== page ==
Clarify, Sanctify, Purify

by Christopher Lovejoy on October 4, 2020

My preference is to take a stroll through my neighborhood between 3 and 4 am in the morning. This godly hour is one in which I can move peacefully and blissfully at my leisure. This morning, my walk was graced by a light shower, and I arrived home at precisely 3:33 am.

A light rain shower or a drizzle before dawn brings out the best in me. They draw me out selectively, if not wholly, with a presence most divine that releases and refreshes my senses: wayward thoughts recede, and feelings go into retreat. Most times, emotions are absent.

Some very pleasant sensations come out to play. Goosebumps come and go.

This morning, I marveled at a dazzle of light on rain-slicked pavement.

With this brief anecdote, I feel called to bring these three words to light: clarify, sanctify, purify. With the reality, diversity, and complexity of feeling serving as my point of focus, my aim is to supply some wisdom and apply it to the guidance of feeling with love, trust, and care.

Thankfully, I have no idea where this is taking me.

I only know that this is where I feel called to go.


At a crossroads, the voice of urgency is clear: follow your heart or go with your gut, but do something. For those who prize reason and logic, however, this advice fails to make the grade, as “feelings are neither dependable nor reliable indicators of what to do and where to go next.”

For thinkers, a most interesting distinction can be made between emotion and feeling.

Emotion is pure and simple, primal and immediate, presenting as a potent six-pack of raw elixirs across all cultures: fear, anger, disgust, joy, sorrow, and surprise; feeling comes after the emotion; in effect, feelings rise on a tide of emotion with cognition to produce a response.

Feeling adds meaning to emotion to make sense of emotions by producing a response.

On one of my many morning walks in the dark, I encountered a skunk running toward me from inside a hedge. Startled, I darted the other way without taking any time to consciously and deliberately think and feel about what I was witnessing. Here’s my analysis of the experience:


emotion = surprise + fear

apprehension = if I don’t run now, I’m gonna get sprayed

valuation = I don’t wanna smell like a skunk

reaction = move away ~ now!

perception = whew, I don’t smell like a skunk

feeling = relief + gratitude

response = I’m so lucky and glad I got away this time

The emotion, apprehension, valuation, reaction, perception, feeling, and response occur quickly, with lightening-speed precision. The value of this analysis lies in showing the relative contributions of emotion, apprehension, valuation, reaction, perception, feeling, and response.

In this example, one could argue that the surprise is primal, but that the fear is both primal and, based on past experience, derivative, i.e., the sight of an animal coming out of a bush at night will always provoke primal fear, but a skunk will always provoke a different kind of fear.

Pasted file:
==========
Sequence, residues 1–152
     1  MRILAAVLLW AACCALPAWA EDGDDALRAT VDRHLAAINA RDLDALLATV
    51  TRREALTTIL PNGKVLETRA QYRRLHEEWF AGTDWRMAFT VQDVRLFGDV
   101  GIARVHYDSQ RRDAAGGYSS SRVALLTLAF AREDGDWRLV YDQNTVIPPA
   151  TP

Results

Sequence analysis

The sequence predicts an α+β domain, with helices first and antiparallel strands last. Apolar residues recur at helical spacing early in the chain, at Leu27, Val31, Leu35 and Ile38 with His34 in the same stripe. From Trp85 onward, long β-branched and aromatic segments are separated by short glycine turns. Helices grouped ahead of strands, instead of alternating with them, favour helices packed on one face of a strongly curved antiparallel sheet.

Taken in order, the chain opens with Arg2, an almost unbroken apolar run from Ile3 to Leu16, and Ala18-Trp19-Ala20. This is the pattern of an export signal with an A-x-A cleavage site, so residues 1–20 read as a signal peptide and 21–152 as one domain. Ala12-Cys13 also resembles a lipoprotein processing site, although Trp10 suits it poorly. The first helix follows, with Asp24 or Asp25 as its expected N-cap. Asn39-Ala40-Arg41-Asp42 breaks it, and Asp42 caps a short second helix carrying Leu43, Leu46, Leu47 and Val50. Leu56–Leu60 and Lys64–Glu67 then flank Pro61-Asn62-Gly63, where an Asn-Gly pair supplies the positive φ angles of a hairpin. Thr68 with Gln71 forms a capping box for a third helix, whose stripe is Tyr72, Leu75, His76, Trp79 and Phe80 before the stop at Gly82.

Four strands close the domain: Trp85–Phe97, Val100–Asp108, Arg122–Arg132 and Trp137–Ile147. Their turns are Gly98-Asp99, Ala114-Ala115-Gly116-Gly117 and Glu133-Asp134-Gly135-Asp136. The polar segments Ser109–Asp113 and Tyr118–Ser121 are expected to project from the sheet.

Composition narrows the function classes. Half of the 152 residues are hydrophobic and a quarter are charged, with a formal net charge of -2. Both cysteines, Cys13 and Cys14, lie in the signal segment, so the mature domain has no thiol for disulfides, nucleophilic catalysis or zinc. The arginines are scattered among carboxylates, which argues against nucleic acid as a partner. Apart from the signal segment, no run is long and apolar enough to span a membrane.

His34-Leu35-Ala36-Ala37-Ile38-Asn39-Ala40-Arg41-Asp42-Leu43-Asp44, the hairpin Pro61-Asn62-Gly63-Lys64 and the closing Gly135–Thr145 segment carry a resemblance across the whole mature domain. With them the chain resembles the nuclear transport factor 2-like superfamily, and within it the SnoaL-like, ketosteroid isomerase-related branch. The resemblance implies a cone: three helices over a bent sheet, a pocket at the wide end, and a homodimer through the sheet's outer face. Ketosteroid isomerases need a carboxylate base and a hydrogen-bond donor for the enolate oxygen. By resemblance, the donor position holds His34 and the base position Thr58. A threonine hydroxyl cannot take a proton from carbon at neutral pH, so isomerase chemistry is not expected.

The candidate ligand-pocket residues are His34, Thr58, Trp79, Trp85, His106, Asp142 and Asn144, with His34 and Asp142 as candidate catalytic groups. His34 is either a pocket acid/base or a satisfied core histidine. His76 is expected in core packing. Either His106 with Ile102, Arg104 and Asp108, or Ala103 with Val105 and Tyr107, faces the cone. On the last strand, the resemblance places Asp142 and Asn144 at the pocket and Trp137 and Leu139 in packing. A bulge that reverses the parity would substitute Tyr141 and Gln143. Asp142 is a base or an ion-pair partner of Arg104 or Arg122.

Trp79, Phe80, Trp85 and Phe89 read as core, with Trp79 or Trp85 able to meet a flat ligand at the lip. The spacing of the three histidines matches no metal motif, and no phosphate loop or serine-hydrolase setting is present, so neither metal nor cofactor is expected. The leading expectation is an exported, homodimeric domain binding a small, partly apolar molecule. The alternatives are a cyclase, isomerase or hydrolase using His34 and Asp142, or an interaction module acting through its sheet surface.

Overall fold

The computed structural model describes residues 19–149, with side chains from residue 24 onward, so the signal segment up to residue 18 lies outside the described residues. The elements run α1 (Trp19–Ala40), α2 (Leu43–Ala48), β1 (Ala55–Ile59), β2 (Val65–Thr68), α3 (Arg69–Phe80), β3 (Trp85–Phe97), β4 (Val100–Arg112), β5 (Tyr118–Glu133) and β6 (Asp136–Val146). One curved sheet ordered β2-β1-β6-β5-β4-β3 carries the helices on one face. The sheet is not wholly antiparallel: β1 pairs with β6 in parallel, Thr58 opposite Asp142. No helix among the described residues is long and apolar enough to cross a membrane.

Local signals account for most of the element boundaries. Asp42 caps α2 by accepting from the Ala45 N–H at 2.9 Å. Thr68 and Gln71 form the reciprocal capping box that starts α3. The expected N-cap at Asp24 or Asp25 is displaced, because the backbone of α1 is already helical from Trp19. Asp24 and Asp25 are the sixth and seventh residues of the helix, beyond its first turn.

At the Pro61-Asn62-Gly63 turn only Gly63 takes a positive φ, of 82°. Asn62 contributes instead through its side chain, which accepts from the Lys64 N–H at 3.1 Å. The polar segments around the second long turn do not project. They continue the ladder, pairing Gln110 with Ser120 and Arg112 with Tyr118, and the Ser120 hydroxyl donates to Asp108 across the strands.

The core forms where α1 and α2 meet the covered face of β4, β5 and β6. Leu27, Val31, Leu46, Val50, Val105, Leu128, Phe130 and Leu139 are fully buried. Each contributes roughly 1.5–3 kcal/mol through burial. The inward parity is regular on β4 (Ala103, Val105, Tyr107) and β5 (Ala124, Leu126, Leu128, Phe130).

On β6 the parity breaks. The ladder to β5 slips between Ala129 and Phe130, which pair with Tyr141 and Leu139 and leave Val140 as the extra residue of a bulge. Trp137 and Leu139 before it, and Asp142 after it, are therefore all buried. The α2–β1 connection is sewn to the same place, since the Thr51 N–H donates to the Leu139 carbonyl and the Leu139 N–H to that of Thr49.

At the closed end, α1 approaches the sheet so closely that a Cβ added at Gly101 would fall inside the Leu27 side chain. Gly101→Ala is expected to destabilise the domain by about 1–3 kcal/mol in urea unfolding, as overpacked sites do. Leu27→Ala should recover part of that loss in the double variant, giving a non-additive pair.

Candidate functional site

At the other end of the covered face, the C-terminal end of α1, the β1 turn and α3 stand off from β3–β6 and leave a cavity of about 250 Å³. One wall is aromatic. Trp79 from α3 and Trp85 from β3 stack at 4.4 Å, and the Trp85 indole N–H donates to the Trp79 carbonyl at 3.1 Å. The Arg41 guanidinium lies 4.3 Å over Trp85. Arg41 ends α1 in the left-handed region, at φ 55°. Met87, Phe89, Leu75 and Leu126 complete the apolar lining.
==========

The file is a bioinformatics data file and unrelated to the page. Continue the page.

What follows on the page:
Provided, of course, you know about skunks and have had experience with skunks.

By itself, the emotional blend of surprise and fear has no meaning. The meaning arises from an automatic construction of the mind and heart that is (eventually) found, with feeling, in the response, which comes in the wake of apprehension, valuation, reaction, and perception.

In this example, the emotions are automatic yet conscious; the apprehension and valuation are automatic but not conscious; the reaction is automatic and conscious, as is the perception that ensues; the feelings and the response they produce are also automatic and conscious.

Does this mean that we are automatons?

In a sense, yes, yes we are. On the whole, we are designed to react to emotion automatically, with feeling, from which we can behave with and through feeling (or a lack of feeling). Feeling is more complex and varied than emotion; usually, feelings also last longer than emotions.

In a sense, no, we are not automatons, for the simple reason that, unlike animals, we (as rational creatures) can reflect at length on the nature, source, and meaning of feeling, as I did with my analysis above. So does this mean that we can depend and rely on feelings to guide us?

For me, this is the $64 million question.


Feelings are productive for responses in that they serve to interpret emotions with thoughts and values, reasons and motives. If, for whatever reason, I do not or cannot process the emotions that I experience, I put myself at serious risk of being unduly influenced by these emotions.

If, for example, I make what I take to be a serious mistake, and if, for whatever reason, I feel angry and disgusted just before making it, I will naturally, if not inevitably, view and treat this mistake far differently than if I had been calm and composed before making the mistake.

In this case, I would be wise to pause and breathe (and focus) to process and release the emotions before addressing and assessing the feelings that arise around making the mistake, acknowledging that the feelings themselves might not accurately reflect what actually happened.